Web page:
Anyone watch How To Lose Weight Well last night on Channel 4? It got me thinking the best way to stay healthy and lose weight is to be in control of your food…
Human beings are complicated pieces of work. We’d like to think that we function out of our own sheer will-power, but not so! It’s easy to forget that there are trillions of microscopic things inside us that make us work and what’s more, one could even argue that it’s the stuff in our gut that’s responsible for the vast majority of it.
Probiotics are microscopic bacteria that are introduced into the body usually coming from fermented foods. Fermented foods are foods such as sauerkraut, kimchi, plain yoghurt, pickles, lassi, (ok, that last one is a drink, but you get it) that have been through the process of lactofermentation. Lactofermentation is a process during which bacteria feed on the sugars/starches in these foods thus creating lactic acid. This makes the food easier to digest and restores the balance of your gut flora that can be offset by high consumption of refined sugars or having high levels of stress. Probiotics allows the good bacteria to flourish over the bad ones which keeps you healthy and level-headed.
Our gut bacteria is essential because they help with the absorption of essential nutrients, digestion, immune system function, and even affect our mood/behavior—“The gut is lined with neurons that can influence our emotions and feelings [so] research further suggests that as probiotic bacteria contribute to a healthy gut, they are also linked to a healthy mind,” (BBC Good Food). Did you know serotonin, which is an essential neurotransmitter linked to mood, is created in the gut? Because I surely didn’t!
My absolute favourite fermented food, and one that I consume on a regular basis, is kombucha. There is a lot of speculation and legend surrounding the origins of kombucha (Genghis Khan and his armies are rumored to have been into it), but in essence, kombucha is fermented tea and is mostly believed to have started in China a really long time ago. Also known as the “Tea of Immortality,” it slowly made its way throughout Europe and Russia via the Silk Road spreading its goodness wherever it went. It’s a delicious fizzy drink with a bit of a kick that will leave you feeling energized and satisfied.
I know what you’re thinking—“I gotta get my hands on this magical elixir before I make like Genghis and pillage the nearest village!” Yes, I too felt the same way upon first hearing about the wondrousness of this stuff. And I developed even stronger feelings for kombucha after my first taste despite the fact that I was now out of a fair chunk of change. Kombucha does not come cheap! Depending on which health food store you go to (Holland and Barrett, Earthy’s, your local independent oraganic shop) and the brand, a single bottle can cost you anywhere between £1.90 and £4.00. That might not seem like much on first glance, but if you get to love the stuff as much as I do, that’ll really add up.
Sad? Don’t be because I have the best solution ever: do it yourself! Kombucha is one of the easiest femented things to make. I’ve been brewing my own for a few months now and let me tell you there is nothing more satisfying than enjoying a delicious healthy thing you’ve made with your own two hands.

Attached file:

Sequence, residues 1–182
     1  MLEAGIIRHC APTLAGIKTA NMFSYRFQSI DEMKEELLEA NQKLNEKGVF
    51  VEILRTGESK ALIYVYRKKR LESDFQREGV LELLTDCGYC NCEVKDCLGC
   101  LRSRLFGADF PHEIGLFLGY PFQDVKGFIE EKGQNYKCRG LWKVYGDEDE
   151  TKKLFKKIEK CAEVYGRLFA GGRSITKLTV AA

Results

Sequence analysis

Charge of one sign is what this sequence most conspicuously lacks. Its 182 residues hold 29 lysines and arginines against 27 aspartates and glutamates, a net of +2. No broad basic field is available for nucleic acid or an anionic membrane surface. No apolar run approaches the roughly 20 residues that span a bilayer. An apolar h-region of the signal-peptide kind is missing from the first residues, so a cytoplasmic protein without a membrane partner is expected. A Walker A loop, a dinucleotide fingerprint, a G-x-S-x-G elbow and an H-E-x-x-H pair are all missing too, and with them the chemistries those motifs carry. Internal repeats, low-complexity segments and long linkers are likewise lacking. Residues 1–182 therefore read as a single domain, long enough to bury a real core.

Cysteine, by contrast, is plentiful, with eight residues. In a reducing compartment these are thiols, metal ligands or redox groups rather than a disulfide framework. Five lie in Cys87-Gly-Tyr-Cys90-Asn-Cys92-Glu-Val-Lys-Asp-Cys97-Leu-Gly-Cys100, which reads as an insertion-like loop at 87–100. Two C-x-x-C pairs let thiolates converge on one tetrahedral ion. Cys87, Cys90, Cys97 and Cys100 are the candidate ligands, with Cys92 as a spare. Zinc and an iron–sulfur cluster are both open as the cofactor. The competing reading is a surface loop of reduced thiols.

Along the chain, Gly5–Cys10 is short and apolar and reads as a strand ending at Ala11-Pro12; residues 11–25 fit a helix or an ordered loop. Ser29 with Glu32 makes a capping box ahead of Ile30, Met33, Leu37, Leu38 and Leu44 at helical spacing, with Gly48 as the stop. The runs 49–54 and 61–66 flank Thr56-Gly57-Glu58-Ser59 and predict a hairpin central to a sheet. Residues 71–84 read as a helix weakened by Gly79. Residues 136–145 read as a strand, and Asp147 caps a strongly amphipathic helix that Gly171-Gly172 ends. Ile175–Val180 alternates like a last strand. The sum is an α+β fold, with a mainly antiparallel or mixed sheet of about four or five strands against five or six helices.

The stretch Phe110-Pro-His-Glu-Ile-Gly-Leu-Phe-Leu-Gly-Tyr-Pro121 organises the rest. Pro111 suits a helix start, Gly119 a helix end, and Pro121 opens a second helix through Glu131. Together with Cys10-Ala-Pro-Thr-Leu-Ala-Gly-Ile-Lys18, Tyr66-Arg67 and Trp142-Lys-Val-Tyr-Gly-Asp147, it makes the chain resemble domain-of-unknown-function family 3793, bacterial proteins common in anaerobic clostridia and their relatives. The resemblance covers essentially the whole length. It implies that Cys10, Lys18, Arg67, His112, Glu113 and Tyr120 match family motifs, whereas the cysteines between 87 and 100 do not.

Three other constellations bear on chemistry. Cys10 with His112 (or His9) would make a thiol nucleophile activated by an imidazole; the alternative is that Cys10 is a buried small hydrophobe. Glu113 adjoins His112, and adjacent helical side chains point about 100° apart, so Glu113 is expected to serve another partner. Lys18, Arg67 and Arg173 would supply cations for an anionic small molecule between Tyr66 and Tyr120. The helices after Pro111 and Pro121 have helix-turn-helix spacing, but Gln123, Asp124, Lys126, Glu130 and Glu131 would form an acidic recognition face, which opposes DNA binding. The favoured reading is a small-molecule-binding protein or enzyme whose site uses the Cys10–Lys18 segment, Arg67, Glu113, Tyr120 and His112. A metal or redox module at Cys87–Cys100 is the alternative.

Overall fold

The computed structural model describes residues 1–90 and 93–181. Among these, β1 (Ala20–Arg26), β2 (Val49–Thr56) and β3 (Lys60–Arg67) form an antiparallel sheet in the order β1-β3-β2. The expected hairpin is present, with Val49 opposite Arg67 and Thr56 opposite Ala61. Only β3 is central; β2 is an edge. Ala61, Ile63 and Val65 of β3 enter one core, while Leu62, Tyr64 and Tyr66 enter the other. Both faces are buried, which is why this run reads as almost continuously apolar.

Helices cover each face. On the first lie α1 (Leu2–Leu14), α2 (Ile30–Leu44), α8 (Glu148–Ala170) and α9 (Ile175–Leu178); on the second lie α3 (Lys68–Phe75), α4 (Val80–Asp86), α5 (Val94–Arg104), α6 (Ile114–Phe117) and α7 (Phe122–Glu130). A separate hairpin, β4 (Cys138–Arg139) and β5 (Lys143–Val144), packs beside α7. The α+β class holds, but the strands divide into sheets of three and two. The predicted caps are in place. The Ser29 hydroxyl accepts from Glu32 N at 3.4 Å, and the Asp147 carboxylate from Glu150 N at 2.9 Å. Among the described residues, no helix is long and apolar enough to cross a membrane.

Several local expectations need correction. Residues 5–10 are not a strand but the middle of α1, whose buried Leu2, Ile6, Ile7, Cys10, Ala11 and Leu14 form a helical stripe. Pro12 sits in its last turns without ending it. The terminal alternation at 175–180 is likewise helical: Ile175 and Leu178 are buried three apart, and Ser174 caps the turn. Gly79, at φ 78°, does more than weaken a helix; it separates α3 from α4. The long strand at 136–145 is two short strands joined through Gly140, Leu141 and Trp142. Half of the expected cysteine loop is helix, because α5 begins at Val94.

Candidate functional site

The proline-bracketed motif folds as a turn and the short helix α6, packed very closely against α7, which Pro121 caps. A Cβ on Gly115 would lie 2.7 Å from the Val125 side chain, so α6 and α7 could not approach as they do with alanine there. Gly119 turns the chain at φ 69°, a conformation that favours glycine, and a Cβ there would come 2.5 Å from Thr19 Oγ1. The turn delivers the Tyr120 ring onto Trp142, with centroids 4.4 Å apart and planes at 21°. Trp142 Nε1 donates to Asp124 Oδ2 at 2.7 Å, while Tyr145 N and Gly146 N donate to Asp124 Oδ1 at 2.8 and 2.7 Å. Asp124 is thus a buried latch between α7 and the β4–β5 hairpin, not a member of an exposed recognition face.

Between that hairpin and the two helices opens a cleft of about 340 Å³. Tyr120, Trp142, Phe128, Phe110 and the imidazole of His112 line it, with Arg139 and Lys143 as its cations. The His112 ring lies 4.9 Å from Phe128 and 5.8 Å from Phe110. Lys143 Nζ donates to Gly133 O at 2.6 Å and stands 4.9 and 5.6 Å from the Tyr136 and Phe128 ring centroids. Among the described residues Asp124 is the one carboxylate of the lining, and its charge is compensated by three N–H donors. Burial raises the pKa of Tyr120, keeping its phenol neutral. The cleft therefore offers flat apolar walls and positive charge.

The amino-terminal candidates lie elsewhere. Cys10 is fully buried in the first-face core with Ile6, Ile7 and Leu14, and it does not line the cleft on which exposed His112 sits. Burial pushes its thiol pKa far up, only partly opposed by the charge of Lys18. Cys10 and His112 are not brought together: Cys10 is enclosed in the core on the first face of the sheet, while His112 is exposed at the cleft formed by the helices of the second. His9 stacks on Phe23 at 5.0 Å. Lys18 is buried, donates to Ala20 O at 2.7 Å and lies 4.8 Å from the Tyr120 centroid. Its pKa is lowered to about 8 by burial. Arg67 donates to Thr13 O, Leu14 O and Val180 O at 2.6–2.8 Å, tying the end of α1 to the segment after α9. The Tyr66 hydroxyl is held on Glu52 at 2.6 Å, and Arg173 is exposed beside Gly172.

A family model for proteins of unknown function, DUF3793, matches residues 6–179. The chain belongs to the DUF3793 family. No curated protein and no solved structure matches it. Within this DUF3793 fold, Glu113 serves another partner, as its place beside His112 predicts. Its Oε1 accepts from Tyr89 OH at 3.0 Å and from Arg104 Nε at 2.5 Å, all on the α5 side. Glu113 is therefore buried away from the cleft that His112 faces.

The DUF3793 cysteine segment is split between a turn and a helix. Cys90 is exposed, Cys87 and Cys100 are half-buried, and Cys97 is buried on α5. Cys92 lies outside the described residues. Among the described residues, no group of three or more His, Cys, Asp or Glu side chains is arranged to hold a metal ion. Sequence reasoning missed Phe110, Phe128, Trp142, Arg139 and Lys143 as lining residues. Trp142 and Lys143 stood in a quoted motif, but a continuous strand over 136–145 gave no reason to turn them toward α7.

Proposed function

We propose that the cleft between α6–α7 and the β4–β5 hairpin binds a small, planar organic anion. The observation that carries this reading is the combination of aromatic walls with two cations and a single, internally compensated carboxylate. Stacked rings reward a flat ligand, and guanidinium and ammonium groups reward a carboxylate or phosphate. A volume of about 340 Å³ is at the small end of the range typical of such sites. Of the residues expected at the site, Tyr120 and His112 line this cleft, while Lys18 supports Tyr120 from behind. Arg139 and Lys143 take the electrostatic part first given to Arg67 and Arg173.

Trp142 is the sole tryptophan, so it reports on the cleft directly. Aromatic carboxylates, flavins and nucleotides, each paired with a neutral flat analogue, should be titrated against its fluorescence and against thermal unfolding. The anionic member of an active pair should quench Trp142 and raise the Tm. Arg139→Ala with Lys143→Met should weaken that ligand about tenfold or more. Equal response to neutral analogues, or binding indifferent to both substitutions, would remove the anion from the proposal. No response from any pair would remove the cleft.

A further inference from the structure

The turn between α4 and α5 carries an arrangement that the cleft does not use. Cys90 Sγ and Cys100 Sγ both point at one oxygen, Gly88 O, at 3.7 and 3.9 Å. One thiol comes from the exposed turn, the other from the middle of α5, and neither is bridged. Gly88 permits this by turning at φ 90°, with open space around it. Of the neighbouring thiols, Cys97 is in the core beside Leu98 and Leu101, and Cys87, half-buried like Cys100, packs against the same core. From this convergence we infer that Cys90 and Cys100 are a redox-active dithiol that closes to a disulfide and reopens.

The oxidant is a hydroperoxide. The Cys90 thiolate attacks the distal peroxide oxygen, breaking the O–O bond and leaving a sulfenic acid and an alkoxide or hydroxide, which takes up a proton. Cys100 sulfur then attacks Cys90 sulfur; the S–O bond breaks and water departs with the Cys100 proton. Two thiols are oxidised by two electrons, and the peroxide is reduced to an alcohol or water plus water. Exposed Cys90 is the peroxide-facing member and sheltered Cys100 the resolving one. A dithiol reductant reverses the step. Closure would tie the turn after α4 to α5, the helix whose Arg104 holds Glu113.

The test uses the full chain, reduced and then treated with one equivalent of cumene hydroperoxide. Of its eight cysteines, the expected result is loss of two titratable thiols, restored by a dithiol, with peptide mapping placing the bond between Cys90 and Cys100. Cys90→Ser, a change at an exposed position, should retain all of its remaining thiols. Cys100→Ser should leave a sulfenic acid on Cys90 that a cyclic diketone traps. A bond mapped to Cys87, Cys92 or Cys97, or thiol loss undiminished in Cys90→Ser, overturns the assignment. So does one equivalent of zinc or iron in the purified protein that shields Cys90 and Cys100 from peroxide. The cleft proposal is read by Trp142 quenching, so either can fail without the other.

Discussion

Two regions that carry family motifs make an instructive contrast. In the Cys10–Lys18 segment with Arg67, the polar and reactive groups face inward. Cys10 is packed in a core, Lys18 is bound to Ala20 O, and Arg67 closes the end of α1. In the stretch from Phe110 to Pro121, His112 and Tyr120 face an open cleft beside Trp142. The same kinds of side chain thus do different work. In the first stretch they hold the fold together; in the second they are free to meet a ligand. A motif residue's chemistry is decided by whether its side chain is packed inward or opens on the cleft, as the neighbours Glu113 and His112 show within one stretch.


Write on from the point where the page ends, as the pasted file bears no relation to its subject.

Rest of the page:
Now this will require a bit of equipment and, of course, time. Equipment is easily obtainable: you’ll need a gallon sized glass jar, tea towel, rubber band, a plethora of black tea bags, and sugar. But the most important thing is your SCOBY: Symbiotic Culture Of Bacteria and Yeast. This rubber looking disk is what makes kombucha what it is. Though you can get it online for about £6—7 pounds, I’d say ask around first to see if someone in your circle is making their own. You know the deal! Keep it local, sharing is caring, etc. and so forth.
As far as the process is concerned, there are myriad resources online. My favourite one and the guide I use the most can be found on YouTube—Beginners Guide to Fermentation: Kombucha Makings by the Brothers Green Eats. Very simple, easily understandable video that breaks it all down and gives you some great comprehensive info on how to make. You’ll be baffled at how easy this really is.
Kombucha is safe for daily consumption, I usually tend to drain half a bottle at a time. This drink is amazing because not only is it rich in probiotics (which as we now know are crucial for overall health) but also has plenty of great antioxidants, can improve cellular health, maintain cholesterol levels, improve digestion and boost immunity.
Be warned though! Drinking over-fermented or contaminated kombucha can get you seriously sick. It’s important to keep an eye on your SCOBY during the process—if it starts to get moldy definitely throw the whole thing out. It’s also important to leave your jar alone during the fermentation process. Manipulating the jar or placing it in a sunny spot will change PH levels which can screw the whole thing up. Ideally, PH levels should be between 2.5 and 3.5. The lower the PH the tarter the batch; the higher the PH the sweeter the batch. I haven’t officially tested my kombucha’s PH levels but for me, it’s all about taste—if I like how it tastes after 6 days, then I’m good. If not, I leave it in for another day and taste again. Kombucha also has the potential to contain up to 3% alcohol since it’s fermented, though since I’ve been consuming it, I have yet to get schwifty.
So there you have it! Everything you need to make your very own Elixir of Life and reap all the great benefits that come with it. Just keep an eye on it, trust your taste buds and use your nose and you’ll be all good. Happy fermenting!
by Mireille C. Crocco